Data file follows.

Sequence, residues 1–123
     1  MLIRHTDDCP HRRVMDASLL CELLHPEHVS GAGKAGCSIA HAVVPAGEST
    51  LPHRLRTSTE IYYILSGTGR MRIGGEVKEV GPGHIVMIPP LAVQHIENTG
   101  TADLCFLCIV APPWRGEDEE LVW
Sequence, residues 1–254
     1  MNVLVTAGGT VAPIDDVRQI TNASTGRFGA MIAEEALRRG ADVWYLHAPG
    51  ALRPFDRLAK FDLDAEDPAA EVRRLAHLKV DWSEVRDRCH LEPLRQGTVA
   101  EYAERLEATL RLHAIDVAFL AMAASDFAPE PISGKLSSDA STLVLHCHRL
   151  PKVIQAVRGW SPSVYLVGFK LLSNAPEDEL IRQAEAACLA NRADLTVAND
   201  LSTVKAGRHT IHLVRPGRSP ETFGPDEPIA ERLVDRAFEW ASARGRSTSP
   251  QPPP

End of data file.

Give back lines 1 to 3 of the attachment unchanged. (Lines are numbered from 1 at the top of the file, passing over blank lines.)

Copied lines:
Sequence, residues 1–123
     1  MLIRHTDDCP HRRVMDASLL CELLHPEHVS GAGKAGCSIA HAVVPAGEST
    51  LPHRLRTSTE IYYILSGTGR MRIGGEVKEV GPGHIVMIPP LAVQHIENTG